Method: This was an experimental based study where bacteriological Isolate was collected using sterile swab stick from infected wound following oral and maxillofacial surgery. Demographic and other relevant clinical information were sought from patient’s case notes. Descriptive statistics was obtained for all variables documented. Multivariate analysis and statistical testing was used to estimate the strength of correlation of some variables. Analysis of variance (ANOVA) and Duncan’s multiple range as well as chi-square tests were appropriately applied. The confidence level was set at 95% and probability values (P-value) of P<0.05 was regarded as significant.
Result: Two hundred patients were evaluated. The overall infection rate was 10%. Significant increase was seen in surgical site infection rate with an increase in the length of hospital stay. Surgical site infection rate was much higher (43.8%) in cases where a surgical drain was used than in non-drained wounds (7.0%). The most common isolate was staphylococcus aureus followed by Pseudomonas aeruginosa. Sensitivity to third generation cephalosporins and quinolones was high and Amoxycillin, was effective with 56.3% of the organisms found to be susceptible to its antimicrobial action. There was no significant correlation between preoperative, intraoperative as well as immediate postoperative bacteria culture and subsequent wound infection.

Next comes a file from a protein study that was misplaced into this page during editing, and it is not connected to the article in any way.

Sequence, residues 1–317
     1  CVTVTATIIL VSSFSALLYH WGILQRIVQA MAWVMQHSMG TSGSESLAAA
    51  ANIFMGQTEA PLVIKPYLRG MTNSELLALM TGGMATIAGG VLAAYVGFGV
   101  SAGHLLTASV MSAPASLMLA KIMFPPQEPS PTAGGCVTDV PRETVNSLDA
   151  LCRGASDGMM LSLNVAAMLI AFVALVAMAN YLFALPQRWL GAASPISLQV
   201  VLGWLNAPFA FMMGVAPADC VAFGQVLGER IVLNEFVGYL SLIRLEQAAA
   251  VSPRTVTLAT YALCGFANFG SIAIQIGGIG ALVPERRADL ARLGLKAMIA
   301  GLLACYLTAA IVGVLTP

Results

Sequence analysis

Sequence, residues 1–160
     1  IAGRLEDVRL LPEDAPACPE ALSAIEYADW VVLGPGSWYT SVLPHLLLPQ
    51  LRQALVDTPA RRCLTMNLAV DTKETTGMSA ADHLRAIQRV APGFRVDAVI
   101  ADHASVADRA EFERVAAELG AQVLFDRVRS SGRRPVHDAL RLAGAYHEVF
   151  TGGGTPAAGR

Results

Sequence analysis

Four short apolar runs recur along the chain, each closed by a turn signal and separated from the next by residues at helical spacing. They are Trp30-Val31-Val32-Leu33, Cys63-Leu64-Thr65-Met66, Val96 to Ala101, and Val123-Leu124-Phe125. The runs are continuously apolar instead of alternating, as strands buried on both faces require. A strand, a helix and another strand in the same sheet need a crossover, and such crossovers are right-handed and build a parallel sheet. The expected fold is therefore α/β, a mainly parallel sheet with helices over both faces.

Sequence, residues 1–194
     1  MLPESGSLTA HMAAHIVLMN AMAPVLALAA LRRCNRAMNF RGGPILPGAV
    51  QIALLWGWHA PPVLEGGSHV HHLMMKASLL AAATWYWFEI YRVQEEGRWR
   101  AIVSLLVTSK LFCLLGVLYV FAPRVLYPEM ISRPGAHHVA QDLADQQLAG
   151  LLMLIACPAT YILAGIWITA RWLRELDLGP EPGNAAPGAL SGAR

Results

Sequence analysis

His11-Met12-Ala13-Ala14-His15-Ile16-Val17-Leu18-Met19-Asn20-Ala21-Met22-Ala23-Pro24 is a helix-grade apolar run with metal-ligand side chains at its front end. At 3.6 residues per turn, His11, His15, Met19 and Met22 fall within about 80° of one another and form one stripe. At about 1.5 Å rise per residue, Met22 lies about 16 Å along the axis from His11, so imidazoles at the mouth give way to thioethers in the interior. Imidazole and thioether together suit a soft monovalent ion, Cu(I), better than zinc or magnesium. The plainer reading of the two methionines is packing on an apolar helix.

Conclusion: There was significant correlation between postoperative wound infection and age of patient, duration of surgical intervention, the use of and duration of use of surgical drain, class of surgical wound and length of hospital stay. There is need for a post discharge surveillance system for postoperative wound infection. This would provide a database for determining the rate of postoperative surgical site infection in our hospitals and establishing local guidelines.
Keywords: Bacterial, Infection, Microbiology, Surgery and Wound